The world of sports journalism is always evolving and changing. With hundreds of games, interviews, and other events taking place every day, the landscape of sports doesn’t stay stagnant long. Since I’m aspiring to become a big broadcaster/ analyst, I decided to interview Jessica Towne. Towne covers the Eagles, 76ers, Phillies, and Flyers, and she is a powerful voice for women’s journalism for Babes On Broad. I was curious not only about her journey and future aspirations but also, I wanted to learn more about the role of gender in her content production and social media interaction. Here is my interview with Jessica:
What inspired you to enter the world of journalism/ media broadcasting?
Towne: Really, it was just my love for Philadelphia sports. I’ve always loved sports. My brother and sister are athletes. My boyfriend was an athlete and is now a coach. I grew up watching sports with my dad and grandfathers and like any Philly sports fan, I have very specific memories of watching certain teams with my family and things like that. I’ve always loved talking sports. After I graduated college, I came across a LinkedIn ad for a social media administrator for a Philly based beat website and got a chance to write an article with them. From there, I realized that was what I loved doing. I love sharing my opinions about the Eagles/Sixers/Phillies/Flyers and having discussions about them.
How has creating stories and content affected you? Is it what you thought it would be?
Towne: It’s really given me more of an appreciation and respect for the athletes than I already had. There are a lot of reporters in the sports world – not just Philly – that like to break stories and have the huge bomb piece. That’s not what I want to do, nor what I try to do. I am a fan, and I like giving my opinions and creating content as a fan who has an immense appreciation and knowledge of the games. It’s only affected me in positive ways. I’ve also had a lot of conversations with parents about being someone for their daughters to look up to. Showing their little girls that ladies can do this too and can play with the boys any day of the week has been the most awesome part of being in this career so far.
What is Babes on Broad? What areas do you delve into?
Towne: Babes On Broad is an all Philly-sports podcast. We mainly focus on the Eagles as we break down our likes and dislikes of the game, our opinions from the previous week, and preview for the upcoming matchup. We give our score predictions and then do a food & drink of the week. Additionally, we do a “what’s going on in Philly” segment where we talk about different things going on in the city as well as the other sports teams and what they’re doing.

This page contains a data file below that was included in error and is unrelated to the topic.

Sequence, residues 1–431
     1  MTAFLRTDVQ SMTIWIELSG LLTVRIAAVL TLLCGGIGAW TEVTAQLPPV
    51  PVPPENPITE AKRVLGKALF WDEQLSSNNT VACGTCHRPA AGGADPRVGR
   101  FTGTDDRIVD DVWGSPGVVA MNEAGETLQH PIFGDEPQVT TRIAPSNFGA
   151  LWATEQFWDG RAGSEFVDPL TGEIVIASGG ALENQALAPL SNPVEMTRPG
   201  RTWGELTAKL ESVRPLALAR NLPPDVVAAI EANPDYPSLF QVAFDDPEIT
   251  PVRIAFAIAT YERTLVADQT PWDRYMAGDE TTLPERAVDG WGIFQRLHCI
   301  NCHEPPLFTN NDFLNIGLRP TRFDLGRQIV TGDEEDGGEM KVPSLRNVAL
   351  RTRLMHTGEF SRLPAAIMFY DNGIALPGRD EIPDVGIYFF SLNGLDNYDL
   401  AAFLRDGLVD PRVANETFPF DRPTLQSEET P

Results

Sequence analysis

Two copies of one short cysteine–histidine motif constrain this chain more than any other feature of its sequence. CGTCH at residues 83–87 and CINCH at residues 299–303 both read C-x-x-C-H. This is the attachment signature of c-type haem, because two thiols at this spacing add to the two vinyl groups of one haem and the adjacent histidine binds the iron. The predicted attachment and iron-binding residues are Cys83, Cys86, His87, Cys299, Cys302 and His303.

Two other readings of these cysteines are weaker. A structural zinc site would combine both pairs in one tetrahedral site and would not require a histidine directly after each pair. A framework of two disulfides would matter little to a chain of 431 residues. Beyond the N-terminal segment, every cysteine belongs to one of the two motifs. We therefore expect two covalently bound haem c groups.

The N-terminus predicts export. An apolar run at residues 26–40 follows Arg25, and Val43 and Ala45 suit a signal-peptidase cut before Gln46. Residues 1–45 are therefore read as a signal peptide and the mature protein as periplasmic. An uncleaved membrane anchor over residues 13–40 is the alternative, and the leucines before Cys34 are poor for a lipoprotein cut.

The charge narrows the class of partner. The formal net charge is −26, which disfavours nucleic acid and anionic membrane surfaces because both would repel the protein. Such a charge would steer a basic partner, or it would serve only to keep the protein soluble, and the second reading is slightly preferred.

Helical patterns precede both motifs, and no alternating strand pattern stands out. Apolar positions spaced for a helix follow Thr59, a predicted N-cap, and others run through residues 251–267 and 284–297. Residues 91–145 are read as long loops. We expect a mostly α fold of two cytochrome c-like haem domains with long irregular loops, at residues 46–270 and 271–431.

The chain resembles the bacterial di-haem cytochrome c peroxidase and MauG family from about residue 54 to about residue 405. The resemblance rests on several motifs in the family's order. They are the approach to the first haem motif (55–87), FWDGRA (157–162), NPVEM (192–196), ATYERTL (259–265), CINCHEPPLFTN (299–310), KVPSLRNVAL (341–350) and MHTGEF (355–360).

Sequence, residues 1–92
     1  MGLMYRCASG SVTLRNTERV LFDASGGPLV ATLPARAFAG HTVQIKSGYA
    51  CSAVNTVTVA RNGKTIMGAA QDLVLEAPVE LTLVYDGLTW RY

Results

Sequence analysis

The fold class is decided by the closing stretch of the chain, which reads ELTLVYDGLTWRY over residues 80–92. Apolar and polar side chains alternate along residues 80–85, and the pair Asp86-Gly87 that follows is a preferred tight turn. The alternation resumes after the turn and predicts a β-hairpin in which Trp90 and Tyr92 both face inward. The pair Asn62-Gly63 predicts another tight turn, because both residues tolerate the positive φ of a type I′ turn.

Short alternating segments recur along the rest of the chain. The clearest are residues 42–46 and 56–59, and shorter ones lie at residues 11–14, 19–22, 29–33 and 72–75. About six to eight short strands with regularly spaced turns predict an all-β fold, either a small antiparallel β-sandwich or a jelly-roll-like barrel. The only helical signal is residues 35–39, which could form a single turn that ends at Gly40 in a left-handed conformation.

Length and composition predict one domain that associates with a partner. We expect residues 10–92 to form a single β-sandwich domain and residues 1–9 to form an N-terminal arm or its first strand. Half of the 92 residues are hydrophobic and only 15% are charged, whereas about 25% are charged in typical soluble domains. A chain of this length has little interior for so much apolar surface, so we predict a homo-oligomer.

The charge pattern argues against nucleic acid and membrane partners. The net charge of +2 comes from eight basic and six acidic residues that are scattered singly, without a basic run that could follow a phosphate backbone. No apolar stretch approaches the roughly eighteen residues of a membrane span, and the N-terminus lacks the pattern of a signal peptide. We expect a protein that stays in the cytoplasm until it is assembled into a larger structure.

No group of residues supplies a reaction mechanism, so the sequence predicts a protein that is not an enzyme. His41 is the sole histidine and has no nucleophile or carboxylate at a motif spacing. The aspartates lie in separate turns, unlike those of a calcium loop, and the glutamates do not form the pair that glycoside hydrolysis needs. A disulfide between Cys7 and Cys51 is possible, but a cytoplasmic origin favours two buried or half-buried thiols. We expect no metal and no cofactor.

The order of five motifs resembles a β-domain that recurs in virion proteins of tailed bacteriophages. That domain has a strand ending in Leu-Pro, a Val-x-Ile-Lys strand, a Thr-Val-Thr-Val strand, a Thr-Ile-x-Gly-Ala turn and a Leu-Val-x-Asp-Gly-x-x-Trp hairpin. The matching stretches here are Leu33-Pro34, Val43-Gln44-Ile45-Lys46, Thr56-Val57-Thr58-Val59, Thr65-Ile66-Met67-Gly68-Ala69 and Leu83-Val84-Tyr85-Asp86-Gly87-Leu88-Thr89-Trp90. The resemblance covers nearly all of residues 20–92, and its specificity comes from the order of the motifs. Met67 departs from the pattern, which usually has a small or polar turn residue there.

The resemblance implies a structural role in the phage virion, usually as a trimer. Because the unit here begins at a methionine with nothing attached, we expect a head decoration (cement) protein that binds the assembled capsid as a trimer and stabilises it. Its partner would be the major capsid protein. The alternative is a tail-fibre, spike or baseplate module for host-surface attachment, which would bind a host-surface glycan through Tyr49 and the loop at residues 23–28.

How much do you think gender has an impact on the content you produce and the way you produce it?
Towne: I think my gender has more of an impact on the response to the content, not how I produce it or create it. But, we also have a really awesome fanbase for Babes On Broad, especially one that thinks it’s awesome to listen to two women talk. It’s a different vibe than most sports shows that are male dominant, and it’s a change of pace as well.
How does commentary from viewers differ simply because of your gender? Do people treat your views, content, and ideas differently simply because you are a woman?
Towne: I definitely think we’re treated differently, but it’s also not always a bad thing. Sure, there are the ones that are negatively different, but there are the responses that are positively different. They are impressed with the way we study the game not having that firsthand playing experience.
How do you feel society can combat the negative/different treatment of women in sports?
Towne: It really just comes down to not assuming something about a person based on gender stereotypes. It’s really easy to have a conversation with someone and share opinions, whether they be the same or different. It’s easy to do without attacking someone and assuming they lack the knowledge to back up their opinion. I feel like, primarily, a lot of society has done that. I would say the majority respects women in sports. There are only a handful that really don’t.
What has been the coolest thing you have done/ been apart of as a result of your work in sports journalism/ media?
Towne: There’s the cool things like helping with a Ben Simmons interview, going to the Eagles draft party as a media member, and things like that; but, honestly, my favorite part has been talking to younger girls who think what I do is cool. While doing the Rob Maaddi show the other night, there was a man at the restaurant (Center Square Tavern in Woolwich Township, NJ) with his two daughters who were easily under 10. He came up to me and jokingly said, “They’re coming for your job in a few years,” and I responded, “Don’t worry about me, they can come take the guys’ jobs, and we can do a show just the girls.” Their little smiles were PRICELESS!
Without limits or obstacles, what would be your dream piece or project that you hope to be a part of or establish in the future?
Towne: I’d love to be able to have as many players on my shows as possible. I think people love hearing more personal conversations with players that they can relate to, and I think currently we have a lot of those in the city. That’s something I would love to do.